Thursday, August 11, 2011

Notes from Your Farm

Th 3-7
Fri 11-7
Sat 9-1

News Flash: unlimited U-pick tomatoes for saucing, salsa, freezing, canning--in addition to the tomatoes that we pick for your share.  Bring baskets or whatever you like to carry them in
hello from the farm!

The bleached out August foliage and parched tan soil received a wonderful, soaking, one inch rain Tuesday. It was delightful. We almost danced for joy, well our hearts rejoiced anyway. The bumper crops of sweet and storage onions is amazing, and harvesting them finished up right ahead of the rain. Peppers and tomatoes are in their glory and expect to see a lot of them in the weeks ahead. Melons are winding down as are zucchini and cucumbers.  

Some of you asked about seedless watermelons--they are produced by crossing melons with incompatible chromosome numbers, resulting in a sterile fruit when the second generation is grown. (Similar to crossing a horse and a donkey to get a mule)  A nurseryman friend musing on seedless fruits, speculates that seedless fruits may be less nutritious since a host of nutrients are created in the seed formation process.  Seedless melons are notoriously finicky and tempermental to grow, but there seems to be enough desire for them among shareholders that we'll try a test row or two next season to see how it grow.

Homefields Incorporated

Homefields 15th Annual Golf Tournament to Support Homefields
Friday September 16, 2011, 7:30 and 12:30 shotgun start, scramble format.  A great way to have fun and support Homefields, the owner and founder of the farm at the same time.
Registration: 7:00–7:30 a.m. and 11:30 –12:30 p.m. Breakfast 7:00–7:30 a.m., Lunch 11:30 –12:30 p.m., Dinner 5:00 p.m.Lunch is available to afternoon golfers at a reduced rate. Open driving range beginning at 7:00 a.m. Prizes follow each round.  Register early to secure a spot at  and check out as well.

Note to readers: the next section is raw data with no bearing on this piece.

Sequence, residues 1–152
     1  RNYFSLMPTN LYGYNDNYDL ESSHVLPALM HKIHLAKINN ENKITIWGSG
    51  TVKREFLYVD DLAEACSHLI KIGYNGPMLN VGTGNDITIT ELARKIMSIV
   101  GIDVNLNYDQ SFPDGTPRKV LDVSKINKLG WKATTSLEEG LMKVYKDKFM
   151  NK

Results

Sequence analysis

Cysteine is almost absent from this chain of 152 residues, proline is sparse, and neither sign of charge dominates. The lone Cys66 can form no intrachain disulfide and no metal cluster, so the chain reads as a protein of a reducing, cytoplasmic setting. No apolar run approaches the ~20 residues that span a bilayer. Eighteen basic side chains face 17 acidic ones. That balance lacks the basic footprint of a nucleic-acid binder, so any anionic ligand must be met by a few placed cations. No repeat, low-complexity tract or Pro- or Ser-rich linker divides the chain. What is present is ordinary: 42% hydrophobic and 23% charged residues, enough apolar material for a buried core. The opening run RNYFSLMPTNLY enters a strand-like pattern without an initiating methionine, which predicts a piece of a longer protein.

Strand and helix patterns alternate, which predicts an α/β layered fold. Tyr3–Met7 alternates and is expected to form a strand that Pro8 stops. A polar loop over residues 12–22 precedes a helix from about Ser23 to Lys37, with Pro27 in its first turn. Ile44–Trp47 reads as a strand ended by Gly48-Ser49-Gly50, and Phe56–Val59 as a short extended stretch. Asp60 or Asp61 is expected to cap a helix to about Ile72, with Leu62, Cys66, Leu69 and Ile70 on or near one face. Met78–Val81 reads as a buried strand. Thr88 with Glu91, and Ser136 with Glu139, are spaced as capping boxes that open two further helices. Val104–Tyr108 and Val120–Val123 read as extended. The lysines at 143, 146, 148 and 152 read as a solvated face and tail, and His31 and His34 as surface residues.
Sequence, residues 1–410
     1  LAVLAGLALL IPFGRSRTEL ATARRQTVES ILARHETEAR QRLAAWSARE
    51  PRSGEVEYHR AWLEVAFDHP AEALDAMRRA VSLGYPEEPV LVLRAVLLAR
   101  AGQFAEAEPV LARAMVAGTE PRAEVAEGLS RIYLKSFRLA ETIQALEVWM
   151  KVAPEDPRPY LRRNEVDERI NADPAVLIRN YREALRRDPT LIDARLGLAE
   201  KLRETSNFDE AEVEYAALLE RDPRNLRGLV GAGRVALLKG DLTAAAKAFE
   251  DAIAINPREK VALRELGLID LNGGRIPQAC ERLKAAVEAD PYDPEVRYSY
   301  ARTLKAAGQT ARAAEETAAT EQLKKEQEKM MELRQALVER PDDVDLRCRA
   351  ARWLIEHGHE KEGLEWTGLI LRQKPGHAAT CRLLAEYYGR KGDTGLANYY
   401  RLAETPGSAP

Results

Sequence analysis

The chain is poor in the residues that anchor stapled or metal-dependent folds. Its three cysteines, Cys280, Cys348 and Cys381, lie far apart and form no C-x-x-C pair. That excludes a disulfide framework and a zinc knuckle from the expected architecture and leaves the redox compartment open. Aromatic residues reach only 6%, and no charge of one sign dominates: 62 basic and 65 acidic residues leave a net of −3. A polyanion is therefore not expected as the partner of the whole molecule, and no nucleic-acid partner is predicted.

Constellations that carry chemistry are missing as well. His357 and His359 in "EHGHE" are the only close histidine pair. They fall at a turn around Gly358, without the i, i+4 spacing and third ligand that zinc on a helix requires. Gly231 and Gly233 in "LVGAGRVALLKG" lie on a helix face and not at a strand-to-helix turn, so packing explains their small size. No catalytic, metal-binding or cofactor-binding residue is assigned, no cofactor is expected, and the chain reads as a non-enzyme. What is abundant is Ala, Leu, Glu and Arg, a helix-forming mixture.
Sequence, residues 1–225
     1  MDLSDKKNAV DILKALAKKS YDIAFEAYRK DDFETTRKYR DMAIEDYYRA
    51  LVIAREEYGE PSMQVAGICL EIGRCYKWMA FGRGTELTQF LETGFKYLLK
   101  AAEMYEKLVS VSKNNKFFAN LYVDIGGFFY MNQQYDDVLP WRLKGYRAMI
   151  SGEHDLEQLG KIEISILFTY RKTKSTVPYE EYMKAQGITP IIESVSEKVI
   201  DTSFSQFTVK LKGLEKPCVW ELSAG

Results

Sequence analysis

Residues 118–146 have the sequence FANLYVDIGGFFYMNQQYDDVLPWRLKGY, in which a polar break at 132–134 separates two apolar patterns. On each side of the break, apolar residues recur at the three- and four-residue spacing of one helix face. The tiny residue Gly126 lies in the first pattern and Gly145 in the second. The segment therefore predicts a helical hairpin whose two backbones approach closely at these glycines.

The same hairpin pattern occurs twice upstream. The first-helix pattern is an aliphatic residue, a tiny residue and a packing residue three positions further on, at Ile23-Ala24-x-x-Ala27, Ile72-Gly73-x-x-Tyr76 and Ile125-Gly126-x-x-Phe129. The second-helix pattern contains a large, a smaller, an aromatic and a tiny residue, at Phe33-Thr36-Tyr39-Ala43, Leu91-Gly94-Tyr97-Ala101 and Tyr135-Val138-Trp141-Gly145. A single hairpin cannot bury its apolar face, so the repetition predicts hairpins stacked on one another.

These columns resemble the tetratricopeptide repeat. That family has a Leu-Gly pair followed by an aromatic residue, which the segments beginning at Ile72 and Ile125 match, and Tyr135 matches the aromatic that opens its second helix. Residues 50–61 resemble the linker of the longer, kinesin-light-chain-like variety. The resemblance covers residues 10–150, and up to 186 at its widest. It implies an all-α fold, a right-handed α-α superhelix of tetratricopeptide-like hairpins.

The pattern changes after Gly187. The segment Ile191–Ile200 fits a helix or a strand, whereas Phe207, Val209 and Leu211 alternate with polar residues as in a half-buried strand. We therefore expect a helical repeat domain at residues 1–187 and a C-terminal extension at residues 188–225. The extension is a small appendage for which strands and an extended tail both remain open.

Sweet or Hot, Green or Red?  Getting to know Peppers
Green Peppers are simply unripe peppers, and red, orange and yellow and purple peppers are ripe, therefore having a sweeter and richer flavor.  Why do colored peppers cost more?  Like most fruits, immature ones are less likely to to succumb to rot and mold diseases, so they are much to easier to grow and harvest.  In others words, you are getting one sweet deal with our organic colored peppers!

Although bell peppers are what we usually see in the store, there are other shapes of sweet peppers that are equally tasty or better than bell-shaped peppers.  And no, they are not hot.  We won't mix hot peppers with the sweet ones except on April Fool's day.
Peppers freeze well--halve or quarter, remove seeds and membrane, freeze on trays so they don't stick together, then put in bags or freezer bags. Easy. 

A Big Orange

Speaking of colors, we have a shiny orange tractor, A Big Orange, which we all relished this week. Its arrival was the fruition of several years of grant writing and process.  Special thanks to the Goodwill Industries Keystone Area Foundation for the grant which provided the bulk of the funding, and to John McHenry, Jenn Diaz, Sue Soderburg, Jen Hess and Christine Roggenbaum for their support.

Looking a bit like a large sandbox toy, it will be used for chisel plowing, high clearance cultivating and harvesting, as well as having the oomph to lift the transplanter safely with no seesaw effect.  We haven't had this much excitement around here since I fell into a vat of fish emulsion...just kidding about the fish emulsion.

Children's Saturday Event at the Farm:
Just a reminder, this Saturday is family time at the farm. Join Aaron Joseph at the sunflower house, 10am, for a little learning, a little music, and a lot of FUN!!
Also--take note, swallowtail caterpillars are loving the fennel and dill in the herb beds..There is a chrysalis up on the table for everyone to check out..but you may want to keep an eye out for more!

 Thank You: 
 a hearty thanks to the Goodwill Keystone Area Foundation and Goodwill for providing the grant and funds for the tractor. Thank you Elizabeth, Law Reh, Kim, Brian, Pat, Brad, Scott C, Eric, Matt, Adam, Cameron, Shawn, Earl, Del, and Glenn for an excellent season so far. Thanks to you for being a part of the farm and appreciating what we do.
Scott Breneman
Farm Manager 

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